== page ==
What the heck is all this 5/3/1 stuff about, anyway? And why didn’t you make this post a while back? You know, like your first post? Good questions, all of them. And I’ll quickly address the last two first. Because I started this blog when I started doing the 5/3/1 Training Program. It wasn’t a pre-planned idea to keep a blog for this journey, but I decided it might be a good idea, that it might be useful – to me and others. I could have written this post and back-dated it, but that would defeat most of the purpose for even writing the thing to begin with. That’s why you’re getting a summary of the 5/3/1 Program now, seven weeks into it and after I completed Cycle 1.
The Nitty Gritty
Before getting into a lot of words about the program, here are the main elements of the 5/3/1:
Movements – The four primary movements are:
- Bench Press
- Military Press
Along with the primary work, you do some accessory work during each session.
Waves - During each cycle, you will have four sessions for each primary movement, three progressively intense sessions and a final deloading session. This means at the end of a cycle, you will have completed 16 sessions. For an awesome overview, just go check out this post over at Muscle and Brawn.
But What is 5/3/1 and Where’d It Come From?
5/3/1 is a progressive strength and conditioning program designed by Jim Wendler. Jim is a former powerlifter who did stuff like record a 1,000-lb squat, a 675-lb bench press, and a 700-lb deadlift. Seriously. No way around it, that is some heavy shit that dude was lifting. His conditioning was for shit and if it was outside the realm of his three competitive lifting movements, it turns out he was human. Well, a few years ago, Jim decided he was tired of being fat, poorly conditioned and strong only in very specialized lifts. He started putting together a program that would help him improve his conditioning, drop some unneeded fat, and increase his overall strength. Cool, no problem o.O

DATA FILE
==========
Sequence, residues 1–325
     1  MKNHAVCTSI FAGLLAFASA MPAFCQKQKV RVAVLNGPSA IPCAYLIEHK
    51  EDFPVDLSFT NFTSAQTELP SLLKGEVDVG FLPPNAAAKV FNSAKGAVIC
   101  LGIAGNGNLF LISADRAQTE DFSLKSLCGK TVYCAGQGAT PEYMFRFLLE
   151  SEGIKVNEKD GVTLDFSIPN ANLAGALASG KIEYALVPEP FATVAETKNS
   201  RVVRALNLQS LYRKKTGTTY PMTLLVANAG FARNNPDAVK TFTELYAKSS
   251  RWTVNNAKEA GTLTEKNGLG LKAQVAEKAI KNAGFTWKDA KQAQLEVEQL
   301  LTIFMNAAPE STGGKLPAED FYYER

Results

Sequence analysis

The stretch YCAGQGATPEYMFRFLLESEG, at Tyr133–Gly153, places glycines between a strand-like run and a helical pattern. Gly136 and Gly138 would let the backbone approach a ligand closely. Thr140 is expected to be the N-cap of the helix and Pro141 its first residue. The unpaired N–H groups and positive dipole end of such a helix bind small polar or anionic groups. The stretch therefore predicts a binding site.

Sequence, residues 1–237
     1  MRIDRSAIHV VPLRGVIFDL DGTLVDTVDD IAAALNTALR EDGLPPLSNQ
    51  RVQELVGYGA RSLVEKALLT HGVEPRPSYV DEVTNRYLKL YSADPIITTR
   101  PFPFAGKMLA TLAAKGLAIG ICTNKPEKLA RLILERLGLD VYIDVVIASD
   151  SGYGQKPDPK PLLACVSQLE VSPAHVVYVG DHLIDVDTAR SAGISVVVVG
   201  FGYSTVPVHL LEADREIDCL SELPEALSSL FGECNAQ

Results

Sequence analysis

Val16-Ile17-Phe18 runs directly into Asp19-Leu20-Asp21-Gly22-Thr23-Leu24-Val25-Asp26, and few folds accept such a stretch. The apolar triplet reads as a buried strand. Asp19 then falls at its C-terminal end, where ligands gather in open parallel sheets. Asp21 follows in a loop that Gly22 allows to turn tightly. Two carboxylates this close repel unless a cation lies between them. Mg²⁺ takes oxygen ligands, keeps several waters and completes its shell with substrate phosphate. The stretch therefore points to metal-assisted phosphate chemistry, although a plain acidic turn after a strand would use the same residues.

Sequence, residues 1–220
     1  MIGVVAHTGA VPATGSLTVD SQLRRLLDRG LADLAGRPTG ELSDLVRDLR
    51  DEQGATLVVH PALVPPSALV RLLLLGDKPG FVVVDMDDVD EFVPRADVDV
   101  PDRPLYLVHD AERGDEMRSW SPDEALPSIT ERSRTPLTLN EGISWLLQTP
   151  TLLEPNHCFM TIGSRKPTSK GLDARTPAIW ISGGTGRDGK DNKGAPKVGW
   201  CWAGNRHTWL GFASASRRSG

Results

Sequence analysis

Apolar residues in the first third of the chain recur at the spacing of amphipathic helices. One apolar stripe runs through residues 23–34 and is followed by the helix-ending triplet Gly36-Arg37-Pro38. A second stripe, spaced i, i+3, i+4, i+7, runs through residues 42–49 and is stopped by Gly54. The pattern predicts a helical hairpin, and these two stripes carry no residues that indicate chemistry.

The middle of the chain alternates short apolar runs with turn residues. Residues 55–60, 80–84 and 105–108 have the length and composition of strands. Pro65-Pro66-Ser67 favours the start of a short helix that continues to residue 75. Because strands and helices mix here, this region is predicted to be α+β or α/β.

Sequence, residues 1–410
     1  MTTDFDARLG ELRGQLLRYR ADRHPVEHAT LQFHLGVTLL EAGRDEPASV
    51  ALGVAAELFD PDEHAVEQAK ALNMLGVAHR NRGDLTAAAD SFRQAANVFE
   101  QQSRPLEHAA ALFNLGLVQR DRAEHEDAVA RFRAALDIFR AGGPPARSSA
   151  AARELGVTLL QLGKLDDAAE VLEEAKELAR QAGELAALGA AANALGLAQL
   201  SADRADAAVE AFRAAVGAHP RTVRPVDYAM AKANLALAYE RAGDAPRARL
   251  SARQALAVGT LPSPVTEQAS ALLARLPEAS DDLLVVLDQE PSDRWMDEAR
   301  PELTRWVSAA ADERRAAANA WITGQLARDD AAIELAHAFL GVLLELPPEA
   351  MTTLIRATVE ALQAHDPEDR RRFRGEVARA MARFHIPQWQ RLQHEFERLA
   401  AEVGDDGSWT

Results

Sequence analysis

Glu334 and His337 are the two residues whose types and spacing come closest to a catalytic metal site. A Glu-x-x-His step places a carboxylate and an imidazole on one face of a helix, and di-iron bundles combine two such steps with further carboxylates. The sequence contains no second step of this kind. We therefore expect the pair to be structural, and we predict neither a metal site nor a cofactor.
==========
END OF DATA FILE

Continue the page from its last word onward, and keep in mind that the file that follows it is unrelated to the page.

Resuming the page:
The product of his efforts is the 5/3/1 Training Program. In the simplest of terms, you progress through mini-cycles within bigger cycles, using four main lifts as your primary work. Along with those main lifts, you add accessory work. This accessory work is also referred to as assistance or secondary work. Though originally built on a week with four training sessions, it can easily be adapted to a two or three session week. Even the two session week can be done a couple different ways. And it’s really pretty plausible to do a 1-day a week version of 5/3/1. Regardless of how you schedule it out, you’re looking at four sessions per mini-cycle or wave, and there are three core waves per main cycle. The fourth wave is a reduced or deloaded week.The 5/3/1 Program is very straight forward, yet very easy to bend and mold to fit your specific goals.
Thoughts On the 5/3/1 … From the Interwebz
Not surprisingly, there is a lot of talk about Jim’s program. You don’t need a bunch of specialized equipment to get it done, it’s flexible, and it accomplishes the primary goal of increasing strength. Below is a collection of sites with thoughts, reviews, even long-running journals, all related to the 5/3/1:
Reviews and Overviews of the 5/3/1
- Review of Jim Wendler’s 5/3/1 Training Program – Stronglifts’ own Mehdi offers his thoughts on the 5/3/1. Considering Mehdi’s site is centered around his 5×5 Training Program and boasts over 70,000 subscribers, I felt he gave the 5/3/1 a very flattering and unbiased review.